Thursday, October 26, 2006

General Yuan's Shrine

As a history buff, I finally visited General Yuan Chonghuan's shrine. I've always wanted to make a pilgrimage there after reading about the shrine's story on the net. A patriot and wily general, Yuan was executed by the Ming emperor who was duped by the invading barbarian Manchus that Yuan was a traitor. It was remarkable that Yuan was a confucian scholar rather than a soldier to begin with. But Yuan managed to defend against the Manchu in Northeast provinces when he was the commander there. Yuan was an expert with artillery and constructed his defences around his imported long-range Portugese cannons. Yuan was able to defeat the Manchu in a key battle and even wounded Nurhaci, who later died from his wounds.

In 1629, Yuan had to divert his forces to relief the capital Beijing under seige by the Manchu armies. Against all odds, Yuan led the outnumbered Ming cavalry to defeat the Manchus, one of the rare times that Manchu cavalry was defeated in open engagements. The battle was so tough that Yuan was fighting with his back against the city walls at Guangqu Men (gate) and his armour was reportedly studded with arrows that he resembled a porcupine.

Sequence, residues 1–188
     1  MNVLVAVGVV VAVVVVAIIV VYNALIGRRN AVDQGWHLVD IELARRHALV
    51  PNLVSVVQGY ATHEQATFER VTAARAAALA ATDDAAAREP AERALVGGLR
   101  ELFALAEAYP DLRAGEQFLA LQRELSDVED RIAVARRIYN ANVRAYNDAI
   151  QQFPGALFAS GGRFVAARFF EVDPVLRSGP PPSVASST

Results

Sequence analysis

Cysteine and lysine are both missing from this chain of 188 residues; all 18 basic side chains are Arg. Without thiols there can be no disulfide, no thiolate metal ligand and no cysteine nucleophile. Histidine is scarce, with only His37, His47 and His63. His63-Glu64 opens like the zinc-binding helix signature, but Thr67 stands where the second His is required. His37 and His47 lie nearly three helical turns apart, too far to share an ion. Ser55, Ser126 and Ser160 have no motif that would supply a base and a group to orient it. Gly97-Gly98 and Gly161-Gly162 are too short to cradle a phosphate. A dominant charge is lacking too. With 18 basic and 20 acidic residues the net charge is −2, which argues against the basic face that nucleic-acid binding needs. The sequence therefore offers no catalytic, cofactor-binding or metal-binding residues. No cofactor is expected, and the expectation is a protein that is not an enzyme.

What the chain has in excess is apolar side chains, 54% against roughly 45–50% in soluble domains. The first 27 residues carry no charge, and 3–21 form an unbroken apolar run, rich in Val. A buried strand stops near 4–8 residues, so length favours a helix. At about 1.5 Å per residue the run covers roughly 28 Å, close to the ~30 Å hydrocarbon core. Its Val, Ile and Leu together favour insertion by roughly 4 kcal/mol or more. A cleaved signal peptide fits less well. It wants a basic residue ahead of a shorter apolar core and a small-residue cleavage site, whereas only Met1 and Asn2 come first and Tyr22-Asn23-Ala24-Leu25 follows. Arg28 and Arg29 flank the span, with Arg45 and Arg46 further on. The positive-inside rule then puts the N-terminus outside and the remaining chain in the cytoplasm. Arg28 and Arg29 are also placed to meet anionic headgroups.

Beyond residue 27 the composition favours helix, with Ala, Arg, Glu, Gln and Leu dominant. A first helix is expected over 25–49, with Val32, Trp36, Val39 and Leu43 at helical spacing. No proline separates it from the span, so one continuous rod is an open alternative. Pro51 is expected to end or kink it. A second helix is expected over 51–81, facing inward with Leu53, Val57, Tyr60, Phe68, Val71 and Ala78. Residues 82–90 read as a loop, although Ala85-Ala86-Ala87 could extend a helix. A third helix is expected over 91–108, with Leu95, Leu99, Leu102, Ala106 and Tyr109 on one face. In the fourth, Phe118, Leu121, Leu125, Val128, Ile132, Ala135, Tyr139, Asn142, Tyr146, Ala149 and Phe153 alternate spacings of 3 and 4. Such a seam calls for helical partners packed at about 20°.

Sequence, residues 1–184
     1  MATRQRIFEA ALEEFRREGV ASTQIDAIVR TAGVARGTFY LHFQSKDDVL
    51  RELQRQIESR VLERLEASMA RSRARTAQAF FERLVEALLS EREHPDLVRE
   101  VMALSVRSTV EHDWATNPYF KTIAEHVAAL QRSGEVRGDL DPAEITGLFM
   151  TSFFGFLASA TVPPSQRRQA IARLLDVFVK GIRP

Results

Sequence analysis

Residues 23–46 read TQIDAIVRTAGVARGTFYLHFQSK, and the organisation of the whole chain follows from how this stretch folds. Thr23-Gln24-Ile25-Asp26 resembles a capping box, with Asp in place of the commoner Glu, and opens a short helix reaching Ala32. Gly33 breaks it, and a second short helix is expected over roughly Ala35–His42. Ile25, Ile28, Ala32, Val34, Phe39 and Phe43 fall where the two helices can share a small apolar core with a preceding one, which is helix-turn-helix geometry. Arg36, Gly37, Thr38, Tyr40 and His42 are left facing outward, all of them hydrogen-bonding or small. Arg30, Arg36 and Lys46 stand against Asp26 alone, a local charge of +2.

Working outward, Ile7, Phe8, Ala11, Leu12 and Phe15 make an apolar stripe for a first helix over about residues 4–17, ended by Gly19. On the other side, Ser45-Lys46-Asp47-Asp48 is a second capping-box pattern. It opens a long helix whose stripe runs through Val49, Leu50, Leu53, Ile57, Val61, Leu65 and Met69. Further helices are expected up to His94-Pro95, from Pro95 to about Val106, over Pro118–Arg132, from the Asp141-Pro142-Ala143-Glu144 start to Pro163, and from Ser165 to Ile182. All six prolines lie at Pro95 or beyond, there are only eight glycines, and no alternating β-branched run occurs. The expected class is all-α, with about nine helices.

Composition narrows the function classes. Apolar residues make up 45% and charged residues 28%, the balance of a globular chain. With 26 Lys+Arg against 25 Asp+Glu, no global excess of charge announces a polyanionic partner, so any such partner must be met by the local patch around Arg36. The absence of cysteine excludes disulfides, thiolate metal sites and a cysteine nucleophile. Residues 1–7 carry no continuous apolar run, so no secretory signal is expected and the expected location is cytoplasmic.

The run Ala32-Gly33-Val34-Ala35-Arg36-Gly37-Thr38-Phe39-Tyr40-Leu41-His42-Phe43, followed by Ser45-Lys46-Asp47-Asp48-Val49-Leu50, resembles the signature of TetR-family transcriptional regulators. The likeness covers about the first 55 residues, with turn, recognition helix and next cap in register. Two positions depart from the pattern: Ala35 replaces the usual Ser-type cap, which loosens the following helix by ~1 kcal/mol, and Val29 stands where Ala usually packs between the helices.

Having fought off the Manchus, Yuan was executed by the idiot Ming emperor on trumped up charges of treason. The Manchu duped some captured Ming eunuchs that Yuan was selling out the Ming. Yuan was ordered to be flayed alive and the Beijing people was baying for his blood since everyone believed that Yuan was a traitor. A loyal soldier under Yuan, surnamed She, secretly stole Yuan's head (the only part of his body left intact) and buried it in his house near Guangqu Men. Since then the She family had guarded Yuan's tomb for over 370 years. Yuan's loyalty and maligned charges only came to light in 1782 when the Qing dynasty Emperor Qianlong recognised Yuan's loyalty and his innocence.
I was very impressed when I read about Madam She Youchi's (the 17th generation of the She family) quest for decades to plead with the city authorities to preserve Yuan's tomb and shrine. The shrine was finally accorded heritage status in the 1990s. It was poignant that the shrine was located near Guangqu Men, the very place where Yuan had fought so desperately to fend off the Manchus. Now the old neighbourhood was unrecognisable with so many highrise projects surrounding the shrine.
When I visited the simple shrine, I was amazed by Yuan's loyalty and the poignancy of his death. It was not surprising that the Ming dynasty fell not long after Yuan's death at the hands of peasant revolts and the Manchu invasion. I was also impressed by the loyalty of the original She ancestor (now buried next to Yuan) and his descendants. As a fellow Cantonese (Yuan and She were Cantonese), I share some of this pride. Madam She has a small office at the shrine. I was told by the staff there that she comes in very often but she was not there on the day I visited.


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